Needless to say, not everything that President Bush or I do or say is understood by all political forces in either Russia or the United States. But in a democracy, that’s only natural. As for the mass media, it’s in their nature to provide a critical view of the authorities’ actions. It has always been that way. Indeed, fair criticism is useful. However, it is important that these comments are unbiased, complete, and do not distort the real state of affairs.
Q. There are some in Washington who think that the relationship between Russia and China is becoming too nice, and that this may not help the United States in the future. Others believe that it’s good to have friends everywhere. What is your view?
A. It cannot be said that relations between large and influential countries are too good. I believe that the international community would be a lot more concerned if relations between Russia and China were bad. The fact that relations between such countries as Russia and China are developing along a very positive track is just another sign of global stability at work. Moreover, the relationship between Russia and China is not aimed at hurting any third country. We would like to build friendly partnerships with all participants in the international system, including the United States. I should note that the volume of trade between the U.S. and China is much greater than the volume of trade between Russia and China. We would like to catch up with the volume of trade that the United States now enjoys with China. This is only natural, because China and Russia have 1,000 kilometers of shared border.
Q. How can you make people abroad realize that Russia has to act with its own interests, and the interests of its people, in mind, rather than be guided by the whims and advice of others?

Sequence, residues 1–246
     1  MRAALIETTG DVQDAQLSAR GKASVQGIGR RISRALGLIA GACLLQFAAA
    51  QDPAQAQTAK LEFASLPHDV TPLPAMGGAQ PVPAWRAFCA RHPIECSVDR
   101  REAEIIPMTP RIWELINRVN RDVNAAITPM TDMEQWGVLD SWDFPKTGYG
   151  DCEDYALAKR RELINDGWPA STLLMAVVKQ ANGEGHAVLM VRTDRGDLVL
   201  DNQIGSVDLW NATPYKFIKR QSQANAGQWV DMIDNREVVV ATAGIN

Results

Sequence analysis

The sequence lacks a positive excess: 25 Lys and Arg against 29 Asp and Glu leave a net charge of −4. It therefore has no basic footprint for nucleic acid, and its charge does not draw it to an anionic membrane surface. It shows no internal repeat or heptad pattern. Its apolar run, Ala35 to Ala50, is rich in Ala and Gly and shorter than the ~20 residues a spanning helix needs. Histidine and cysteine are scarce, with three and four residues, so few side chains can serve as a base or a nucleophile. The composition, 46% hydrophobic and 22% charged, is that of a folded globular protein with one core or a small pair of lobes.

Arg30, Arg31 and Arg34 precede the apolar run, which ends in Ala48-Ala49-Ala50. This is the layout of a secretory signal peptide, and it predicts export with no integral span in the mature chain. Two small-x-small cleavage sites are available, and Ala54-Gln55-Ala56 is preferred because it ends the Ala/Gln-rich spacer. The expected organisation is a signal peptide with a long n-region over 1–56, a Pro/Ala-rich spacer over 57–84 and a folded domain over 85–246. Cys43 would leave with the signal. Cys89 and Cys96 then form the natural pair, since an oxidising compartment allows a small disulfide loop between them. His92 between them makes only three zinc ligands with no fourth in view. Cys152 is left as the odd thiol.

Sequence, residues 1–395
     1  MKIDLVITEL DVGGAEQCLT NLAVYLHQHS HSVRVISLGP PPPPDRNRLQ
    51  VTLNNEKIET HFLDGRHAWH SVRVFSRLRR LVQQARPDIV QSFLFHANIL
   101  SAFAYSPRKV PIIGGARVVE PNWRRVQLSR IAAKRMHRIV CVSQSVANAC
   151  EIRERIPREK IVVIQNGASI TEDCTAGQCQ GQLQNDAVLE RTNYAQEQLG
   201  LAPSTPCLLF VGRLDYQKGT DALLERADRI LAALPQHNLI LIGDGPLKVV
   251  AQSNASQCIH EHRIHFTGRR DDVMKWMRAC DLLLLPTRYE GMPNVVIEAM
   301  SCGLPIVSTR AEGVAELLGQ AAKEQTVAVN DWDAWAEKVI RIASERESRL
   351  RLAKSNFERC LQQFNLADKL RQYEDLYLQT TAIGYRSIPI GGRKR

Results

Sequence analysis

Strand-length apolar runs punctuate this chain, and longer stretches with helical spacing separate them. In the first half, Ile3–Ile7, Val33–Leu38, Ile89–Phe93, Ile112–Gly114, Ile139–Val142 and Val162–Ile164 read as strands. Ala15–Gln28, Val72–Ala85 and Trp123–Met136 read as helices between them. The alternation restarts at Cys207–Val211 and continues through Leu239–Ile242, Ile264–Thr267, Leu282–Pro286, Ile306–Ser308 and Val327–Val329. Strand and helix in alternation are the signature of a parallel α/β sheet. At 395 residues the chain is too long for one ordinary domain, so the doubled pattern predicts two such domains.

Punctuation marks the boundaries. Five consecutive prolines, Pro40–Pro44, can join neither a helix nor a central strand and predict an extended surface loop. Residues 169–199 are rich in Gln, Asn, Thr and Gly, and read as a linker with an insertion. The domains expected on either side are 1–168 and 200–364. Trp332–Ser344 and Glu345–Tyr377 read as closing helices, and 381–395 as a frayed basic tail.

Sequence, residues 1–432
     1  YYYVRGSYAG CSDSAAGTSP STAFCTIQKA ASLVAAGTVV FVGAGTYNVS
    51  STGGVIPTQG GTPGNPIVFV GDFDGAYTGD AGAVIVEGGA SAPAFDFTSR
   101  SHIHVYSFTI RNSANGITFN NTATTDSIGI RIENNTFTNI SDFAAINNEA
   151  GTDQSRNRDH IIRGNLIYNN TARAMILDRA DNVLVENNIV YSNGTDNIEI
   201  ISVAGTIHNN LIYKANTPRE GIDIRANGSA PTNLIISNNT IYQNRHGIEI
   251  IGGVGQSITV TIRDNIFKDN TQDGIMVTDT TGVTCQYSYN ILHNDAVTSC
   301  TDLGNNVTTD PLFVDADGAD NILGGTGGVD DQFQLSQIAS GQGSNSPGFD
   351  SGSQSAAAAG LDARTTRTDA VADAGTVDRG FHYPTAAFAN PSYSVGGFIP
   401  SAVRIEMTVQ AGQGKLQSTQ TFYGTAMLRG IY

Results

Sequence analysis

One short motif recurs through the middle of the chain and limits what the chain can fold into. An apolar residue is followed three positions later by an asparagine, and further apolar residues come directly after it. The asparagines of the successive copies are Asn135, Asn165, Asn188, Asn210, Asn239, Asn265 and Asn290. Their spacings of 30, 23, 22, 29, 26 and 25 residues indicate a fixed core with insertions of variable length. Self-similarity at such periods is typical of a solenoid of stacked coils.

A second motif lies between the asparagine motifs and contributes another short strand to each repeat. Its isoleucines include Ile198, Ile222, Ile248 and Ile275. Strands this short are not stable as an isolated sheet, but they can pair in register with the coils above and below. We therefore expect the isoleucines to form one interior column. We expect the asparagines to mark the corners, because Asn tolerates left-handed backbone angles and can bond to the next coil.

A. In recent years we have managed to reach social consensus in Russia with regard to national interests – that is, the interests we must protect, including those in international politics. These are, first of all, favorable international conditions for ensuring sustainable security and successful social and economic development of the country. Yet, this is exactly what our partners seek for their countries and peoples. It is only possible to effectively counter new threats and challenges – such as international terrorism, organized crime, drug trafficking, and the proliferation of weapons of mass destruction – by efficiently combining our efforts. This means that one has to take account of all states, be they large or small, and the international community in general.
At the same time, one has to accept that today’s world is characterized by tough competition. Double standards and the alliance approach often prevent our partners from making objective assessments of what is going on in Russia. Under these circumstances, we have to take a firmer stand in championing our own national interests, at the same time avoiding confrontation and strengthening dialogue and cooperation. We are pursuing the fundamental policy of integrating Russia into international politics and the global economy. In forming our foreign policy we will continue to be guided by national interests and a responsible approach to cooperation with other stakeholders in the international community.